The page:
Hans Hartwig von Beseler
(27.04.1850 - 20.12.1921)
place of birth: Greifswald, Pommern (Pomerania)
Prussian Generaloberst Hans von
Beseler was born into the family of Georg Beseler, a well-known law
instructor. He served during the Franco-Prussian War as a
lieutenant in a combat engineering company. When Beseler later became
the Deputy Chief of the Great General Staff (1899), he was regarded as
von Schlieffen's heir apparent. But when that post went instead to von
Moltke, he retired in 1911. He entered the Prussian House of Lords in
1912, but as war broke out, was reactivated to command III. Reserve
Corps. Beseler is best known for commanding the occupational forces
which captured the Fortress of Antwerp, a feat which earned him
the Pour le Merite.
With the III. Reserves transferring to the Eastern Front in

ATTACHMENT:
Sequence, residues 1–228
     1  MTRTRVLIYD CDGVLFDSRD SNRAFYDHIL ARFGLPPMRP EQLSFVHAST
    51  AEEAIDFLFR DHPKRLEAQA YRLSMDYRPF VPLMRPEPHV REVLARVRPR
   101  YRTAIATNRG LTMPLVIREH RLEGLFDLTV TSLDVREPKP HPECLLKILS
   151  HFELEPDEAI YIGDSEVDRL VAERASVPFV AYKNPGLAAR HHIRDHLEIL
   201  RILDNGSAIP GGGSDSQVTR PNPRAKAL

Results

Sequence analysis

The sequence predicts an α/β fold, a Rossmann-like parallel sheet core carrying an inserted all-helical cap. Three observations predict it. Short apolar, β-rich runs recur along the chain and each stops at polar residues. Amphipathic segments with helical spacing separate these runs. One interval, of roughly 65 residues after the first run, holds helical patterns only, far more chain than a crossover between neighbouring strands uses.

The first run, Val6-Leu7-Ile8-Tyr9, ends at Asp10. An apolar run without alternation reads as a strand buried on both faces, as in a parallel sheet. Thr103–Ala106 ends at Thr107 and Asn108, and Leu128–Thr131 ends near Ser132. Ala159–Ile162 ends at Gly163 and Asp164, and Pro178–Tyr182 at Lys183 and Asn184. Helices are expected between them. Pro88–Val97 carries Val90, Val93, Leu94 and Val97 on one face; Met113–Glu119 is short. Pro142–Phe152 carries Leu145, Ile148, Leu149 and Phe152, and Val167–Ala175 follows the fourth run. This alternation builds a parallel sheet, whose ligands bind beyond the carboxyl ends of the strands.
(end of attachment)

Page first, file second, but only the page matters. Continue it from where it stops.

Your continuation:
November 1914 under Gallwitz, Beseler found himself in command of the
army which captured and occupied the Fortress of Modlin (Nowo
Georgiewsk), taking over 85,000 Russian prisoners. Falkenhayn then
appointed him Governor General of Poland at Warsaw (1915). In the fall
of 1916, Beseler unrealistically promised Ludendorff that Poland could
provide the German Army with five extra divisions by the spring of 1917.
After promotion to colonel general in late 1918, Beseler committed the
unpardonable act of leaving his command without a farewell to his
troops. He died and was buried three years later at Neubabelsberg near
Potsdam, 20 December 1921. He and his wife Clara Cornelius had three
daughters. Additionally, Beseler's uncle Wilhelm Hartwig von Beseler was
president of the provisional government of Schleswig-Holstein (1848).
Kreuz II ..............
le Mérite ....................